If your dog or cat is taking medication that might be triggering this disease, it must be discontinued. This needs to be discussed with your veterinarian first. If an infection is suspected, an appropriate medication is given to lessen or eradicate the infection. Intravenous fluids are often given to control dehydration. Corticosteroids (cortisone-like drugs, such as prednisone or dexamethasone) are commonly administered to subdue the excessively active immune system that is destroying the red blood cells. Other immunosuppressive drugs are often given in addition to corticosteroids for greater effect, and to eventually allow a more rapid reduction in dose of corticosteroid (NOTE: corticosteroids have many side effects, including increased thirst, urination, appetite, weight gain). Whole blood or red blood cell transfusions are sometimes necessary in moderate and severe cases to replace red blood cells that have been destroyed. Oxygen may be given. Because a serious complication of this disease is the formation of blood clots, blood thinners (anticoagulants) are likely to be given as well. Some of these anticoagulant drugs are given as pills, and others are given by injection.
Other treatment options are available, depending on how advanced the immune-mediated hemolytic anemia is. Not all of these treatments may be necessary for your dog or cat. Your veterinarian will tailor the treatment regimen for your pet. Immune-mediated hemolytic anemia is a life-threatening disease that can change and progress quickly. Although many affected dogs recover completely, they will require medications and frequent rechecks for months or even years. Sadly, many dogs with the disease succumb to the illness and die either in the first critical days after diagnosis, or are euthanized later on as a result of complications or relapse related to the disease or its treatment. There is a significant investment of effort and money in treating a dog with this disease. You should have a realistic conversation with your veterinarian about the outlook for your pet; it is not unreasonable to consider euthanasia (lethal injection to cause a painless death) either at the time of diagnosis, or if there is not a rapid response to treatment.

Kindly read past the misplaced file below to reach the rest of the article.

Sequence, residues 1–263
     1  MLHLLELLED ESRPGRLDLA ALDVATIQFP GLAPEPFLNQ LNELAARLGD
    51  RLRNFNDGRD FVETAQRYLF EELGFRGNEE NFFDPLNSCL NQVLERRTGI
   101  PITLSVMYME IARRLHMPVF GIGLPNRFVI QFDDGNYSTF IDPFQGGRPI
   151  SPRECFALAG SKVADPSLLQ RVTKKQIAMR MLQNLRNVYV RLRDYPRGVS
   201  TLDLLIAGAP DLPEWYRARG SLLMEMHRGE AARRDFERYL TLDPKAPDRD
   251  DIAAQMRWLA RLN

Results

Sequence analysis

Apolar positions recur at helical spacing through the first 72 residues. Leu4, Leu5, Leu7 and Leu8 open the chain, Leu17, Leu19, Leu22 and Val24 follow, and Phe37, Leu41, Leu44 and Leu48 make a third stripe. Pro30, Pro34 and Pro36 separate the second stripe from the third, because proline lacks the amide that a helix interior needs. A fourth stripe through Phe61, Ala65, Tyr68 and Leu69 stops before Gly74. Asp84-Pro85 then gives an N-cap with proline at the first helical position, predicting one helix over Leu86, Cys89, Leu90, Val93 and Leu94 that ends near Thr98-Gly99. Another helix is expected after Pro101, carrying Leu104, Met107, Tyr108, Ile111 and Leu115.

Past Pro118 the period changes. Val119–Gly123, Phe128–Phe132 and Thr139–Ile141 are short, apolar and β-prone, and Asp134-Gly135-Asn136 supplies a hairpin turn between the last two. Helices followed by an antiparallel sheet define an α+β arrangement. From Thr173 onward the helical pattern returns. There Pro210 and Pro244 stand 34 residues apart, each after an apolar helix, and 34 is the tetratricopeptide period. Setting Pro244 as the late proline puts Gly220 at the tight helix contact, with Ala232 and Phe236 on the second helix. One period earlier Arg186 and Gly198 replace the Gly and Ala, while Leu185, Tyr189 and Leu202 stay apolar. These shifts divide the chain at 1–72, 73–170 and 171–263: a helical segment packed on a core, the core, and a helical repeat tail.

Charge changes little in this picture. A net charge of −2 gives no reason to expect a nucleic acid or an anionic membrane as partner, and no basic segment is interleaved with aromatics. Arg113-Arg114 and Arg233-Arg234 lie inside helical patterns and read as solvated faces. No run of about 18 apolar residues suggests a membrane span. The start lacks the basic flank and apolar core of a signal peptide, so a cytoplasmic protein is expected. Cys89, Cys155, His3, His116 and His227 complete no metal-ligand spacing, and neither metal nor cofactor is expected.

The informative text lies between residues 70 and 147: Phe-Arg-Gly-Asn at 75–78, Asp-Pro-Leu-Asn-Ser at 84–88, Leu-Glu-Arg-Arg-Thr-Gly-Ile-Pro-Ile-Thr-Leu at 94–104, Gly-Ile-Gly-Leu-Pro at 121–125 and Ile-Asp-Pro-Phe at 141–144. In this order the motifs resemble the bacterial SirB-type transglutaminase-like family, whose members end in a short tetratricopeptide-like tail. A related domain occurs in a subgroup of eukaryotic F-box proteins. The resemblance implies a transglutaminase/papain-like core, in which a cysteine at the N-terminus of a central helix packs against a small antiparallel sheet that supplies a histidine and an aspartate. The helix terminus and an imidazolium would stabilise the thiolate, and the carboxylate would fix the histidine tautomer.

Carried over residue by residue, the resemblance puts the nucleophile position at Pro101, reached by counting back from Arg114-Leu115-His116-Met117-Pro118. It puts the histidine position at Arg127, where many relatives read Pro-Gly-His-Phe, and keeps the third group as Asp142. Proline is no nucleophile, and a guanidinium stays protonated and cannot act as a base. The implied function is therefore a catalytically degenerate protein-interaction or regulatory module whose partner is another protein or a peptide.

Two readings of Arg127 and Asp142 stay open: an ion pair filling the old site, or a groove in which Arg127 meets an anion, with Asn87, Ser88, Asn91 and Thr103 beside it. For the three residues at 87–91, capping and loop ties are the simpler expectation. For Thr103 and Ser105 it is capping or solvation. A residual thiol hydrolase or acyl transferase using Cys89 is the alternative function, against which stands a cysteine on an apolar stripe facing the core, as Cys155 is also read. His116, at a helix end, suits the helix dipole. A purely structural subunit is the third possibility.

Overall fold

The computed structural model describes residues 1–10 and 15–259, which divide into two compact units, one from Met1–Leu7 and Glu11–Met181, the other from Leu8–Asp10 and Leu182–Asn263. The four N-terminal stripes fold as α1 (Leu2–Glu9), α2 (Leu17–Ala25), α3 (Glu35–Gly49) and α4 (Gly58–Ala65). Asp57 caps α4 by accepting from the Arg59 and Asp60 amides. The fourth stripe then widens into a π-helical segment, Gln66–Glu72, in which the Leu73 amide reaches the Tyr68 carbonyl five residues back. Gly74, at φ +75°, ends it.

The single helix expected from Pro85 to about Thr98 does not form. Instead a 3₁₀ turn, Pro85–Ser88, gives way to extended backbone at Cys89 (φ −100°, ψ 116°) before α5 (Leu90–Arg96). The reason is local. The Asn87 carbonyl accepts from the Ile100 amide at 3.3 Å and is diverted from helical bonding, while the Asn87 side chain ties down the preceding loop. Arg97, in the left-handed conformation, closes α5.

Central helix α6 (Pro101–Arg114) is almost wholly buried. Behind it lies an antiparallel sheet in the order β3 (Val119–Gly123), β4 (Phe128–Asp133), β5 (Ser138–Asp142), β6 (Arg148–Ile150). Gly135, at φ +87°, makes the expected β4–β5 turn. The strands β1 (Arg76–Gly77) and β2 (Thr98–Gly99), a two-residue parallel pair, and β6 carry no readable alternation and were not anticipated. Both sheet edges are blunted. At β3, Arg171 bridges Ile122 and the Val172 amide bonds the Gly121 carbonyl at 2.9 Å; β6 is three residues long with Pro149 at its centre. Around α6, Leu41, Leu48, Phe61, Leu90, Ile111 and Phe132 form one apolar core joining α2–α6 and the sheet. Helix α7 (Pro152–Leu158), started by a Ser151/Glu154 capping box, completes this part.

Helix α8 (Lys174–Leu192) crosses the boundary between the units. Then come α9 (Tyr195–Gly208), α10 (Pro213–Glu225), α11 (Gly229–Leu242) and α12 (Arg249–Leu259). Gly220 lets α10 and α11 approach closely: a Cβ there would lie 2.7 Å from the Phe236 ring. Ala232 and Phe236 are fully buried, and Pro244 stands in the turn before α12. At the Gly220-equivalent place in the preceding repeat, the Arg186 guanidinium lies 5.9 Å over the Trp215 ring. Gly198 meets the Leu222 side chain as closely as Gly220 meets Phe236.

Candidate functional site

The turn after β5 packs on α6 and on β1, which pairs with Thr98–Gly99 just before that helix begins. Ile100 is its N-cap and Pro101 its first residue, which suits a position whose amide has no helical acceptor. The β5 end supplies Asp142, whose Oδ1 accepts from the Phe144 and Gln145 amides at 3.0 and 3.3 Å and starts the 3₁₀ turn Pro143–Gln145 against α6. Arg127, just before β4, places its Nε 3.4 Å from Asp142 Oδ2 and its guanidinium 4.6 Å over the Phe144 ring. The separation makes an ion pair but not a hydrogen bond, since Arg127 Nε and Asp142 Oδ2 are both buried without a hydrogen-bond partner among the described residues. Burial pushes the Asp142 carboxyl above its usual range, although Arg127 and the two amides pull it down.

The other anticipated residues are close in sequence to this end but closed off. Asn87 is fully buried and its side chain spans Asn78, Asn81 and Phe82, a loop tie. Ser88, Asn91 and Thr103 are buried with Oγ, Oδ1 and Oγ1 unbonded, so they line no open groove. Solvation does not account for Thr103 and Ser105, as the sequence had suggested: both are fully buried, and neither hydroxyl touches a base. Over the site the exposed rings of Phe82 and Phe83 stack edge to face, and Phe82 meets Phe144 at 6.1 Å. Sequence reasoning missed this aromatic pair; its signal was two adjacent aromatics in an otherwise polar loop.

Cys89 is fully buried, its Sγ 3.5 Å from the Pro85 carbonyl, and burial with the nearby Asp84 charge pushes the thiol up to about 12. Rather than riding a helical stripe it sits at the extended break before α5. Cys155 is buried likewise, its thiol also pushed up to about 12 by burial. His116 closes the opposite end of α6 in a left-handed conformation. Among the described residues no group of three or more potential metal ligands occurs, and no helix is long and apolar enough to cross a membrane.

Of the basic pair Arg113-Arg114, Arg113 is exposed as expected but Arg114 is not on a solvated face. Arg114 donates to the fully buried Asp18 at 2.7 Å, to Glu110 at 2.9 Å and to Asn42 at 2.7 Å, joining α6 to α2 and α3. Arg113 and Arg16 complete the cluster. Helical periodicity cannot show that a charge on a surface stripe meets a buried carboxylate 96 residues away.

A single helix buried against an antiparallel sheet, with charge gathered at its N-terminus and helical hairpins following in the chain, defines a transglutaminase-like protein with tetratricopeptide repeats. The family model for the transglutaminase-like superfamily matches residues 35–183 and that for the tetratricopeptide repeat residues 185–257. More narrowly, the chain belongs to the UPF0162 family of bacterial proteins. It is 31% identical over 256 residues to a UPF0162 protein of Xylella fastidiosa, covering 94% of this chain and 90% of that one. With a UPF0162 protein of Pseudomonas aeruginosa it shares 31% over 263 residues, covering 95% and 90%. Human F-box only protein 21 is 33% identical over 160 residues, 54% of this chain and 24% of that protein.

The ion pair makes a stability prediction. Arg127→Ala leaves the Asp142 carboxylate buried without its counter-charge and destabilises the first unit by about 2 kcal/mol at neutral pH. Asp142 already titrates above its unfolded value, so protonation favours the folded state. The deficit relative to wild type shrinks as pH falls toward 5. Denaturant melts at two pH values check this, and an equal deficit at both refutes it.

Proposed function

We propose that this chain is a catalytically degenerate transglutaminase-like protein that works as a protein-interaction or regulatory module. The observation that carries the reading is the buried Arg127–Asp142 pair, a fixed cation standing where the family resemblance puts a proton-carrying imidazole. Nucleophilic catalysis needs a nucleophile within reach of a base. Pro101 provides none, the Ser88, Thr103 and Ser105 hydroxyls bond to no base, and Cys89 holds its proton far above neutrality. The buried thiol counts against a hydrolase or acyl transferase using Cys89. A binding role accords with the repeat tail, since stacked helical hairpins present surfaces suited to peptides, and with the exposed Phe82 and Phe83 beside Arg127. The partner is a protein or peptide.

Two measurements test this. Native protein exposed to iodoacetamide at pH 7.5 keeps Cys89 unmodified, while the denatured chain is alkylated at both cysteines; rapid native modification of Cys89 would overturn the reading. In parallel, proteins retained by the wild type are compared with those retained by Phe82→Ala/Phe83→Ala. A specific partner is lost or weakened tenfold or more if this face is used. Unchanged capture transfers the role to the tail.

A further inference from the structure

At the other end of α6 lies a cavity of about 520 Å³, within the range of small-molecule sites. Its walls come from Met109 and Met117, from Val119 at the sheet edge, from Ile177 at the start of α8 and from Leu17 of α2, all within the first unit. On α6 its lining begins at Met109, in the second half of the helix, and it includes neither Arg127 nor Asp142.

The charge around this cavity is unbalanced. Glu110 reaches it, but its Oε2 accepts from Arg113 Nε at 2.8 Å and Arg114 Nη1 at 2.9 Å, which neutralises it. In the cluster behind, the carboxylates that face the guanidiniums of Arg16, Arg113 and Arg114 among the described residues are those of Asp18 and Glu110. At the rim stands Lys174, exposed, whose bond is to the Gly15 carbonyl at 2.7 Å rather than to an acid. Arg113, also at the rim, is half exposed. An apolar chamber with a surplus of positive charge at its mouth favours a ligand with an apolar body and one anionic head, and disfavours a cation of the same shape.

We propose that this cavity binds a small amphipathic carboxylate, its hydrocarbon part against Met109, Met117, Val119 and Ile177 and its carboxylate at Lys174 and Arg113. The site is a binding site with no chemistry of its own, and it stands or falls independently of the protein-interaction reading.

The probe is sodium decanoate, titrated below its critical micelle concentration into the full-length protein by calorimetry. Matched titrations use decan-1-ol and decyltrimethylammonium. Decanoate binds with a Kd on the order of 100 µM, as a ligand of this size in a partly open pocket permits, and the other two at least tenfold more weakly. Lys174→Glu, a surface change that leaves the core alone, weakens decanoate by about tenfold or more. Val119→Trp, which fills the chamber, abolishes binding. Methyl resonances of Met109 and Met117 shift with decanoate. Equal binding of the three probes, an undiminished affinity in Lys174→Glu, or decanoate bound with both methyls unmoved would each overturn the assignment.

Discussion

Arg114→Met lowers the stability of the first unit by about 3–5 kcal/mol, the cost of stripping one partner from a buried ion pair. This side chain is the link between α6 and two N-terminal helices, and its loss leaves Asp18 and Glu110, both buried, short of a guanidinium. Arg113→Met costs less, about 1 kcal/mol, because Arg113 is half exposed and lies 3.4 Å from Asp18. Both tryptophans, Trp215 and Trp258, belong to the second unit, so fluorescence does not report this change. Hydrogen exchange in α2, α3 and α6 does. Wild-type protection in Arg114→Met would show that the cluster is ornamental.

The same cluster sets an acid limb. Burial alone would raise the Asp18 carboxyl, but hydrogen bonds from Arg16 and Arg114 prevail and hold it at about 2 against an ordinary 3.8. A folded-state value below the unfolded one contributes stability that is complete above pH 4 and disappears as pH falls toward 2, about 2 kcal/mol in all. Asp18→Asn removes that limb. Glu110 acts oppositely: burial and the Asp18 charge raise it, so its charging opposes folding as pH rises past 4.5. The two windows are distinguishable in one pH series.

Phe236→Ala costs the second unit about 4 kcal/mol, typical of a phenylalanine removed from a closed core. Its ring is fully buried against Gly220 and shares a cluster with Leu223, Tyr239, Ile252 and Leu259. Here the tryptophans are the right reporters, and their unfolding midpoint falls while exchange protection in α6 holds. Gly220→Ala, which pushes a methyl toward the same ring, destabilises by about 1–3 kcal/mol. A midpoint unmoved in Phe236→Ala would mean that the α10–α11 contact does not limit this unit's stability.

- Inform your veterinarian if your dog or cat has ever been diagnosed with a medical condition and is taking medication.
- Give medication exactly as directed by your veterinarian. For example, corticosteroids and other immunosuppressive drugs must be given in gradually decreasing doses when the decision is made to discontinue them. Suddenly stopping them without medical support for doing so can have severe, life-threatening consequences for your pet. Be sure you ask for prescription refills well before the drugs run out.
- Follow your veterinarian’s instructions to limit your pet’s activity level if necessary.
- This disease may recur weeks to months after your dog or cat is apparently healthy. Continue to observe closely for symptoms.
- If your dog or cat has pale gums and is weak or if you suspect a relapse, take your pet to your veterinarian or to the local veterinary emergency clinic immediately.
- Realize that immune-mediated hemolytic anemia can be very serious and even life-threatening in some cases, but dogs that respond to the first several days’ worth of treatment can do well in the long term (months to years).
- Understand that IMHA can be difficult to treat, and that a second opinion from a veterinary internal medicine specialist may be helpful. You can discuss this with your veterinarian and a list of these specialists is available at www.acvim.org or www.vetspecialists.com for North America, www.ecvim-ca.org for Europe.
- Do not postpone visiting your veterinarian if you observe any symptoms of immune-mediated hemolytic anemia (see Signs to Watch For below). Prompt diagnosis and treatment may prevent complications that become more severe.
- Do not give medication that you have at home that has been prescribed for human use; some of these may interfere with treatment and cause even more severe problems.
- Do not jump to conclusions about what may have triggered IMHA in your pet. There is much hearsay about this disease, and your veterinarian can help you see clearly through it.
WHEN TO CALL YOUR VETERINARIAN
- If you cannot keep a scheduled appointment.
- If you are unable to give medication as directed.
- If you notice any of the Signs to Watch For listed below.
SIGNS TO WATCH FOR
- General signs of illness, which could indicate a beginning (or relapse) of immune-mediated hemolytic anemia. These include vomiting, diarrhea, decreased appetite, changes in behavior such as hiding more than usual (cats), weakness, lethargy, pale gums, exercise intolerance, labored breathing, yellow-tinted gums and/or skin (icterus, jaundice), and dark red/brown urine.
- Reduction in symptoms, especially return of appetite to normal and a normal energy level, are significant indicators of improvement.
- Follow-up appointments are always necessary to monitor progress, to determine if treatment should be adjusted or discontinued, and to pursue any abnormalities on previous blood tests. The exact interval varies from dog to dog, but the first recheck typically takes place 1 to 2 weeks after immune-mediated hemolytic anemia is first identified, and then the rechecks are spread out according to how well the problem is regressing.